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July 30th, 2004
After I returned from 10 days of vacation, I found the usual pile of back mail. Perhaps 10 percent of it I actually needed to see.
A sizable percentage of the rest came from Jewish or pro-Israel organizations. All were, to put it mildly, alarmist in tone. The basic theme was that the whole world is against Israel (and/or the Jews) and that my contribution was needed to avert catastrophe.
They were, in fact, the kind of letters the organized Jewish community would have put out in 1939 if direct mail solicitations had existed and if the community was as focused on the unprecedented dangers then as it is on the situation today.
But the dangers we face today as Jews are not comparable to those of the previous century. Zionisms triumph in 1948 and in the 56 years since means that Jews will never again be powerless. The State of Israel puts the teeth behind the mantra Never Again.
The Jews of the Warsaw Ghetto, for instance, could probably have not even imagined a time in which Jews possessed the fourth-strongest military in the world and, according to the experts, 200 nuclear weapons. They also could hardly have imagined that Jews with access to a powerful Jewish state would act as if isolated, vulnerable and weak.
The Zionists among them would rail at the very idea of thinking that Jews in the era of Israel reborn are victims. Jews today hold their destinies in their own hands. We are not victims. To say we are negates Zionism.
But that wont stop many in our community from, as our forbears used to say, shreying gevalt (crying out helplessly) out of fear or to elicit financial or political support.
Not coming down
The latest cause for alarm is the International Court of Justice ruling on Israels security barrier, followed by the General Assembly vote affirming it. It is hard to understand what all the yelling is about.
By a vote of 150-6, the General Assembly adopted a resolution demanding that Israel comply with the ICJ ruling to dismantle its West Bank barrier. The resolution is non-binding and unenforceable.
That means that the security barrier, which has succeeded in saving hundreds of Israeli lives by keeping killers from their targets, is not coming down any time soon, no matter what anyone in The Hague thinks.
Neither the ICJ ruling or the U.N. vote was surprising. The ICJ is the legal arm of the United Nation that in recent years, with rare exceptions, has been unfriendly to Israel, and sometimes virulently hostile.
The most egregious example of that hostility came in 1975 with the Zionism Is Racism resolution. That resolution, which passed overwhelmingly, declared the State of Israel illegitimate. It represented an attempt by the world body to repeal Israels birth certificate, the 1947 United Nations resolution endorsing the states creation.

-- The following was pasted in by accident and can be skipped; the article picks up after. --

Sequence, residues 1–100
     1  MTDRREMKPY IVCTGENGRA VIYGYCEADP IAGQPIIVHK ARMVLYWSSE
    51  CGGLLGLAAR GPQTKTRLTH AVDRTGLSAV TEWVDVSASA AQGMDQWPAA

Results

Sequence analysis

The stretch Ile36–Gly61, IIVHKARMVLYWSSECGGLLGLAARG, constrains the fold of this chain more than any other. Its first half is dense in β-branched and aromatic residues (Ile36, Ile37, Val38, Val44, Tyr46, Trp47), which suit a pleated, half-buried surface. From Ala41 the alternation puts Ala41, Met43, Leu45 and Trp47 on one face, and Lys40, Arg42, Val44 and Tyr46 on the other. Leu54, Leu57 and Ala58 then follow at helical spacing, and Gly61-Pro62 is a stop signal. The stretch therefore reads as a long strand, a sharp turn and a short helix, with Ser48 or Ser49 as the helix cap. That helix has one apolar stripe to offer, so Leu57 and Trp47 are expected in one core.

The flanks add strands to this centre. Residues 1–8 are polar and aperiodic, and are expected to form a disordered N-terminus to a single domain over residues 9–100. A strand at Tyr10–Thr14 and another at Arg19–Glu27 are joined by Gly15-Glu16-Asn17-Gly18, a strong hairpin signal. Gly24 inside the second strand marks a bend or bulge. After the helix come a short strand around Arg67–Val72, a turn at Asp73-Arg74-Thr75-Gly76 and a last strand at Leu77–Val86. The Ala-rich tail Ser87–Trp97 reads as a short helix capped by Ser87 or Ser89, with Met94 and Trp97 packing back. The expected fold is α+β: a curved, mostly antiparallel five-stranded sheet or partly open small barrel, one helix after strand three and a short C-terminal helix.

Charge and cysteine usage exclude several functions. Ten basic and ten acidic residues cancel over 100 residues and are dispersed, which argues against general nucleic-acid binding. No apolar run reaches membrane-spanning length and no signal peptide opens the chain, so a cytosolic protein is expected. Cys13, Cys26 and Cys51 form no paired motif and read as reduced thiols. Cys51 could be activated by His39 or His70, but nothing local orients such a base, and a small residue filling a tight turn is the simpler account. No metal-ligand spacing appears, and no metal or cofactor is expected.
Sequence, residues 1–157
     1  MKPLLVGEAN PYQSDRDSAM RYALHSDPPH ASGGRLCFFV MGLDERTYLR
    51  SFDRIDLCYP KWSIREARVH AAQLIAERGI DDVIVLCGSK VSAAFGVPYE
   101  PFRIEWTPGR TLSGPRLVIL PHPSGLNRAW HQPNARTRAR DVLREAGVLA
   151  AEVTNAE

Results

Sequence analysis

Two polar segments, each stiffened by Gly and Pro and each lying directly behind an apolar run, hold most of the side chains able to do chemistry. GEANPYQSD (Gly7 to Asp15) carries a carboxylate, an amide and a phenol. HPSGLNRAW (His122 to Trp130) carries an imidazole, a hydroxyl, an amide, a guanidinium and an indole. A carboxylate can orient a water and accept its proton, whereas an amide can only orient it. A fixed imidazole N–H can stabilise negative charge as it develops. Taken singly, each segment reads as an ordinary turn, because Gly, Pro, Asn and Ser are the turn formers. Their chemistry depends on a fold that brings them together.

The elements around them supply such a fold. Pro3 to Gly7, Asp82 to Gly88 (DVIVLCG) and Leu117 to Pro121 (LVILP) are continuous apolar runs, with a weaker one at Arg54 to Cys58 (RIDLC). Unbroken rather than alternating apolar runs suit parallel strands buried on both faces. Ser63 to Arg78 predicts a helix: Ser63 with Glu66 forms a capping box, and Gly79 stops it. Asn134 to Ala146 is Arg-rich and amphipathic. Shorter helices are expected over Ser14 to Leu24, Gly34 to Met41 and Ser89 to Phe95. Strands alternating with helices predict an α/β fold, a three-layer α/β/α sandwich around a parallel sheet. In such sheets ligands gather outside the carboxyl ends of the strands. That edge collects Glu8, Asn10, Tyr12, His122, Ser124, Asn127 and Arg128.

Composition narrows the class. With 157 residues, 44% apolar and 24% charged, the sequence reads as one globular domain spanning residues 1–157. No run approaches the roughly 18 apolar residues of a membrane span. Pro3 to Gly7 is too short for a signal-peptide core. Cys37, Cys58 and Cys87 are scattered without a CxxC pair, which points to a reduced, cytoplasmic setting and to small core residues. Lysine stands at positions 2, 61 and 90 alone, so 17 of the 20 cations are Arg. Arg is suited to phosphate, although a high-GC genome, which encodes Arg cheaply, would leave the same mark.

But the resolution on the security barrier, like the General Assembly vote, in no way reflected on Israels right to exist. If anything, it affirmed that right by conceding that Israel had the right to build a wall, fence or anything else on its side of the Green Line. The ruling applied only to the West Bank.
Why is it surprising that the U.N. feels that way? Rightly or wrongly, the entire world except Israel itself considers the West Bank to be occupied Palestinian territory.
In essence, the ICJ ruling tracked the decision by Israels own Supreme Court which held that the route of the security barrier would have to be altered because it separates the local inhabitants from their agricultural lands injures the local inhabitants in a severe and acute way, while violating their rights under humanitarian international law.
The difference is Israels court ruled that the fence should be moved closer to the Green Line. The ICJ ruling declared that all of it must be pushed back all the way to the Green Line.
The other difference and it is significant is that the ICJ did not address the terrorism that led Israels government to build the wall. It is not as if Israel up and decided to build a fence to produce more misery for the Palestinians or to create a new de facto border. There was no talk about a barrier until innocent Israelis started dying by the hundreds in terror attacks.
The wall was designed to keep the killers away from their targets. To a large extent, it has succeeded. Ignoring the terrorism that produced the barrier is inexcusable and gives ammunition to those who dismiss the ICJ decision and the General Assembly vote as evidence of a world turning increasingly anti-Semitic.
But, all in all, the outcry about the ICJ decision amounts to much ado about very little. Israel will change the walls route, as its court decreed, but will not dismantle it totally no matter what anyone says.
Does that mean that it is a permanent fixture in Israeli-Palestinian life? Not necessarily. In the context of negotiations, the wall may come down. That decision will not be made by the ICJ, but by Israelis and Palestinians.
But lets not go overboard in decrying either the decision or the vote. Neither was about Israels right to exist. It was about the West Bank. Those who try to erase the distinction between the two are seeking to advance their ideology, not Israel.
And what ideology insists that Jews are still helpless victims, as if it is still 1942? I dont know the answer. But I do know it is not Zionism.
After 2,000 years, the Jews have a state and, with all its problems, it remains a living miracle. What is wrong with people (mostly here in the states) who are incapable of taking yes for an answer?
M. J. Rosenberg is director of policy analysis for the Israel Policy Forum, based in New York. The views expressed here are those of the author and not necessarily of the IPF.